Former Two and a Half Men star Charlie Sheen divulged on the TODAY show Tuesday morning that he is infected with HIV (human immunodeficiency virus). And while it can impact everyday life, it is not the be-all and end-all disease that it once was in the 80's.
Former Two and a Half Men star Charlie Sheen divulged on the TODAY show Tuesday morning that he is infected with HIV (human immunodeficiency virus). And while it can impact everyday life, it is not the be-all and end-all disease that it once was in the 80’s.
Sheen revealed that he was diagnosed with HIV roughly four years ago, but he didn’t think that’s what it was at first. After cluster headaches, migraines, and severe sweating, he was hospitalized with what he thought was a brain tumor. “I thought it was over,” Sheen said in his interview with Matt Lauer. However, after a series of tests, the HIV diagnosis was confirmed. “It’s a hard three letters to absorb,” he said.
An analysis conducted from 2007 to 2012 by the Centers for Disease Control and Prevention (CDC) estimated that 0.39% of people ages 18 to 59 in the United States are HIV-positive. Men are three times more likely to be infected than woman (0.61% vs. 0.16%).
Although the stigma attached to HIV and AIDS (acquired immune deficiency syndrome) is not at the level that it was when the virus was first discovered in 1983, a diagnosis can be accompanied by personal attacks. Sheen admitted that on at least one occasion, he invited a prostitute to his house and after a sexual encounter she went into the bathroom and took a picture of his antiretroviral medication. She threatened to sell the image to the tabloids if he didn’t pay her, and according to Sheen, this occurred after he had told her that they would no longer see each other anymore.
But this wasn’t the only extortion that the actor suffered. Sheen specified that these blackmails were more about people using the information against him as opposed to a result of them contracting the disease from him. Although he didn’t give an exact count for how many people he had to pay off to keep his secret, some were deep in his inner circle and the amount of money was “enough to bring it into the millions” — upwards of $10 million, he later verified. When Lauer asked if he is still paying some of the people off, Sheen said, “Not after today I’m not.”
Charlie Sheen appeared on TODAY on November 17, 2015 with Dr. Robert Huizenga.
A question on everyone’s mind might be: Has Charlie transmitted the virus to anyone? Lauer asked and Sheen responded “Impossible.” Now you may be thinking… how? There are certain patients who are referred to as “elite controllers.” These people are infected with HIV, but their bodies naturally sustain high CD4 counts and undetectable viral load without antiretroviral therapy. Elite controllers make up about one in every 200 patients, according to one report. While we don’t know if Sheen is one of these people, there are other ways do successful suppress the virus to undetectable levels. With antiretroviral therapy (ART), infected CD4 cells can go dormant so that they don’t produce HIV throughout the body. In fact, medication can reduce the amount of HIV in the blood so that it never progresses to AIDS at all.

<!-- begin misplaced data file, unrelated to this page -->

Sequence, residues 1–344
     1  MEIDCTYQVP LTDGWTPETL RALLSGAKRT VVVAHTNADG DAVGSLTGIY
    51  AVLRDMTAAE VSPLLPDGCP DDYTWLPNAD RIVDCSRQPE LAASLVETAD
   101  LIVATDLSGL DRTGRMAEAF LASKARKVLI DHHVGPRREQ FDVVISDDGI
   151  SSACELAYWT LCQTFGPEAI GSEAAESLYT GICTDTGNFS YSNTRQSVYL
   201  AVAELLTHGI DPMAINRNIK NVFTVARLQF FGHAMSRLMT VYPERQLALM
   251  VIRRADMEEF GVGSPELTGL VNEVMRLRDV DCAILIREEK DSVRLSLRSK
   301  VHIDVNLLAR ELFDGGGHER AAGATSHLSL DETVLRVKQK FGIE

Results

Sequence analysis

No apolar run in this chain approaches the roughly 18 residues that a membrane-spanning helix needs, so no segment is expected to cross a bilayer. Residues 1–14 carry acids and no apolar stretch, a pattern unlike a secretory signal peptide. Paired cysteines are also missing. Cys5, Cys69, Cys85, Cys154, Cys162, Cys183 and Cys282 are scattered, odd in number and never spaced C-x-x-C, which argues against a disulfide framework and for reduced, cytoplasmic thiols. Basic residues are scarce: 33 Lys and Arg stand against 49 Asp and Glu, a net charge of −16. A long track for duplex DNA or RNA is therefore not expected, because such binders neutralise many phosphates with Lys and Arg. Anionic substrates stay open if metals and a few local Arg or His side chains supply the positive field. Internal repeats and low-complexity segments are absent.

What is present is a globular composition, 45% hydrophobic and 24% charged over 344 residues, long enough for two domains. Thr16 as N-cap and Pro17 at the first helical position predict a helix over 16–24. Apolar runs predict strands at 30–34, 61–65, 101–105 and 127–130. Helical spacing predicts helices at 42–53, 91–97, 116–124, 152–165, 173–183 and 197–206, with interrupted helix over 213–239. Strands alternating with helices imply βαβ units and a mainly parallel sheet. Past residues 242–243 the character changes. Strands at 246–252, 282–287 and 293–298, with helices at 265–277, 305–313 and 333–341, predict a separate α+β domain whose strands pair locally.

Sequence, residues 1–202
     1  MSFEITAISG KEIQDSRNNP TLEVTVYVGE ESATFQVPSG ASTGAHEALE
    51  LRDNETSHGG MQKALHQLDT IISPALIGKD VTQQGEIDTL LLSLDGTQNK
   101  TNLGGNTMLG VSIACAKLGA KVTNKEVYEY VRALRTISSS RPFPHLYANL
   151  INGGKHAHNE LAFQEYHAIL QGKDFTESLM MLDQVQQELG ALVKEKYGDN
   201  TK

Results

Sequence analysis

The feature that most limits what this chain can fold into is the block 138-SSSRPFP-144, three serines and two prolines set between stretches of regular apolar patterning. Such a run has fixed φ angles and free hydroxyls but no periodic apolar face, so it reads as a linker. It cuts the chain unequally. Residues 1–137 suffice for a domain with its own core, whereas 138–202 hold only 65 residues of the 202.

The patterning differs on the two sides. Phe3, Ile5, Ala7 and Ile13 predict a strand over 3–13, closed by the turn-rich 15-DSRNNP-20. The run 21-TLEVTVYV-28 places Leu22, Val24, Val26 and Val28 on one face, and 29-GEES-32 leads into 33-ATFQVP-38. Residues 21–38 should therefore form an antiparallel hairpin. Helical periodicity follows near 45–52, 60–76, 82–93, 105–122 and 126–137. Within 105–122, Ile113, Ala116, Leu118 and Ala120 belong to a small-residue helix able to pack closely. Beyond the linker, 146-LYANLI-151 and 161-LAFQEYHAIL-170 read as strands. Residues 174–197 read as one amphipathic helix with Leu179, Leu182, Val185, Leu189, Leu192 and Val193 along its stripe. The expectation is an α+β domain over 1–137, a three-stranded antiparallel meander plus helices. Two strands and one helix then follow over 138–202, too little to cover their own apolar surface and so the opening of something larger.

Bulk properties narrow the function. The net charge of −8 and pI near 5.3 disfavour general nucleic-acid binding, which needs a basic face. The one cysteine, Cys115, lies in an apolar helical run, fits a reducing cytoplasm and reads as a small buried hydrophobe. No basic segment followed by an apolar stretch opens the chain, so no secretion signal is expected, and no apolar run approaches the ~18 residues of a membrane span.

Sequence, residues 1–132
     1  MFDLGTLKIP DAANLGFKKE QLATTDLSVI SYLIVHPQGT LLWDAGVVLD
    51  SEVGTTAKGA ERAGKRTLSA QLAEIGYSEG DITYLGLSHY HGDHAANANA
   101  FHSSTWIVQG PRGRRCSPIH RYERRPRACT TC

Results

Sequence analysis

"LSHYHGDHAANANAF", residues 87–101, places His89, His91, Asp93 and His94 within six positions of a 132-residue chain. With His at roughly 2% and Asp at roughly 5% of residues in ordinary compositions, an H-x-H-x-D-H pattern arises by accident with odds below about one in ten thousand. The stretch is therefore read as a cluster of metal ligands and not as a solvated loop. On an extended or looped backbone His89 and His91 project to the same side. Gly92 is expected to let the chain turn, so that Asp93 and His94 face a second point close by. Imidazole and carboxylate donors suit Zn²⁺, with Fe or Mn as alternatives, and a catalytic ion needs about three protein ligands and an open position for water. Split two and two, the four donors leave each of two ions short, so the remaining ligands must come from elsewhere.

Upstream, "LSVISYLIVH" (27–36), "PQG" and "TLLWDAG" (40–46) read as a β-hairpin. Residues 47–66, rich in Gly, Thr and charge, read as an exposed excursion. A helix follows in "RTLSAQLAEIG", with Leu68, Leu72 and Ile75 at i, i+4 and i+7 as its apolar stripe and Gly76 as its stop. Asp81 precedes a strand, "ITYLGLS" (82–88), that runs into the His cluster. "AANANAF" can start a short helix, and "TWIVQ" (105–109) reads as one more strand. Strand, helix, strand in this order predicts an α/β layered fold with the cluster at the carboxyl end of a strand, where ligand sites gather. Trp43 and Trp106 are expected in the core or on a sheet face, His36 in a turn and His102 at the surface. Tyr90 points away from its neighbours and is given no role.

Sheen’s doctor, Robert Huizenga, MD, University of California, Los Angeles (UCLA) assistant professor of clinical medicine, spoke during a later segment of the interview. He referenced Sheen’s earlier statement that transmitting the virus was “impossible” and specified that the chances are not at zero, but they’re incredibly low due to his treatment. Huizenga explained that upon diagnosis, Sheen was immediately put on “strong antiretroviral drugs” and they “suppressed the virus to the point that he is absolutely healthy from that vantage.” He went on to say that he is the most concerned about the substance abuse and depression associated with the disease as opposed to what the virus can do in terms of shortening his life, “because it’s not going to.”
Sheen didn’t detail exactly what medications he’s taking, but he did confirm that it’s the ‘triple cocktail’ and said that he takes four pills each day. Also, his doctor confirmed that Sheen does not have AIDS — a rumor that had been circulating the news as of recently.
When HIV first came onto the scene, some considered it a death sentence. We simply didn’t have the technology and medications that we have today. But that is far from the case. Researchers are constantly discovering new ways to better manage the disease. Recently a potential drug got a thumbs up in women during a phase III clinical trial and just before that a preventive drug showed to be completely effective. So while HIV is not something someone would choose to have, it certainly doesn’t deserve the deadly stigma that many still associate it with.
Sheen concluded: “I have a responsibility now to better myself and to help a lot of other people and hopefully with what we’re doing today and others will come forward and say, ‘Thanks, Charlie.’”
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